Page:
Thursday, April 14, 2011

Call us Legend County?

It's named for a river that was named for salt licks.  Licking County, before the days of Internet search engines and Google, was a name that got a few snickers here and there.  However, a proud, successful history masks an otherwise odd name.

Today, we can hardly say that.  Our history and pride are no less successful.  However, today, the Internet age commingles some double meanings with our county's name.  It's happening whether we want it to or not.

Though the search engines have improved in recent years to put true Licking  County content at the top of the search for "Licking County," social media has not been as kind.

I cringed when I heard an industry site location advisor say that her firm uses Twitter to search for information about a community and to give their clients a sense of what's going on there.

I cringed because I have a Twitter search feed that shows me the most recent posts on Twitter that mentions the words Licking and County.  I offer the feed below with a "caution" disclaimer.

Just one example.  Travelers along Interstate 70 can say the wildest things when they first encounter that county name sign.  When they said it to each other in a passing car, that was no big deal.  Now, what they say is being seen by the World and archived every second by the Library of Congress.  Yikes!

I once heard the suggestion of changing the county's name.  I scoffed then, but now I wonder, out loud, whether it is worthy of being a serious topic of debate.

The idea from this one prominent individual was to rename our county to Legend County.  The Chamber of Commerce effort to call our area the "Land of Legend" took off once and still has some staying power.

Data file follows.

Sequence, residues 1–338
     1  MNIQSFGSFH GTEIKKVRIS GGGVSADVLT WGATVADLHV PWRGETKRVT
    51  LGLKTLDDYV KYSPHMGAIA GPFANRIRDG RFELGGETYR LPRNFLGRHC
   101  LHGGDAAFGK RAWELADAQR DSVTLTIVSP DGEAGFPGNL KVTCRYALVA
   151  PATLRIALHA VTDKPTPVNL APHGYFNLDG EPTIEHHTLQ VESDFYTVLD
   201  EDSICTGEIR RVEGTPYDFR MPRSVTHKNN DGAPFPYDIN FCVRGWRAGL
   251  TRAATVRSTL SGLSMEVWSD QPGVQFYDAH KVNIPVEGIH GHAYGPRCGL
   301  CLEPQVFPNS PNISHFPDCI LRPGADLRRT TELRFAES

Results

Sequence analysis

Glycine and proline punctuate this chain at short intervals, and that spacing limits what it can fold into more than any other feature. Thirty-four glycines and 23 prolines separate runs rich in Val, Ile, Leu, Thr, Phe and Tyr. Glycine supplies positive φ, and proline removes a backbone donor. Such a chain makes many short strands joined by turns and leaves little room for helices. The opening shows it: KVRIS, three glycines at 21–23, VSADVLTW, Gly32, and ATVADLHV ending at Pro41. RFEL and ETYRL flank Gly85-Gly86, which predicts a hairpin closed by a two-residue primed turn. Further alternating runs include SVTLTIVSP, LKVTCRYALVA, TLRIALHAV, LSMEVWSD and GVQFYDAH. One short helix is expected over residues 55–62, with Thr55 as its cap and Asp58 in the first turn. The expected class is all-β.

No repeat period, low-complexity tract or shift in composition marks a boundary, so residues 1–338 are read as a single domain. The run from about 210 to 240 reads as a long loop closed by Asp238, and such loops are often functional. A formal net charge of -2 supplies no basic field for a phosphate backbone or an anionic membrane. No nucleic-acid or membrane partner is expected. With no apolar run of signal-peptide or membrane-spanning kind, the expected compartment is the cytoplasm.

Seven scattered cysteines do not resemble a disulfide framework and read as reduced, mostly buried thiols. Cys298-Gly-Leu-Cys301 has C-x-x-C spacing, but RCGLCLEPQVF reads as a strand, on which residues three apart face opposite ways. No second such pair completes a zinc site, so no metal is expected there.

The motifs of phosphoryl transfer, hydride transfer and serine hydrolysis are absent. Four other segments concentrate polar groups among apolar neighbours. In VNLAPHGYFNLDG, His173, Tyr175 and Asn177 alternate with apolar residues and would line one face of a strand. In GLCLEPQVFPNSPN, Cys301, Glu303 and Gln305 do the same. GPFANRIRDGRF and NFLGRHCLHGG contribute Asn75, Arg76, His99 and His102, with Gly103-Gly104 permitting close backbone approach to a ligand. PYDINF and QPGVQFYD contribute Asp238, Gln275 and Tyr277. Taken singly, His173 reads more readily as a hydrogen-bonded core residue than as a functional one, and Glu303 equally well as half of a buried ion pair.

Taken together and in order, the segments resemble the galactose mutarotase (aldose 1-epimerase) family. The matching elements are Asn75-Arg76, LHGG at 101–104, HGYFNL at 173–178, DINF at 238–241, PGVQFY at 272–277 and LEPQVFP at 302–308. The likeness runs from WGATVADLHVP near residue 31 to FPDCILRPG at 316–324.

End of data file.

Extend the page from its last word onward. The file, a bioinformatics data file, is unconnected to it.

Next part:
It's got some pragmatic value too.  In the list of 88 Ohio counties, Legend County would be number 45, between Lawrence and Logan.  That's exactly where Licking County sits now so we wouldn't have to change out ours or any other county's license plate numbers. 

It has just as much pragmatic reasons not to do it too.  Think of all the mapping, signage, web domain names, and business names that would be made instantly obsolete.

Think of all those misquided search engines searches and Twitter messages that would go away though.


The Twitter feed below is via Hootsuite.  Careful.  Though I told the feed to block profanity, it's still not for everyone's consumption.

1 comment:

  1. It would increase the time for genealogists and historians who would have to search for records under the new name but would continue to search under the old name. We also have to search for pre-1808 records in your parent county. (Licking County was formed out of Fairfield County in 1808)
    Besides any new name might take on some different meaning in another hundred years.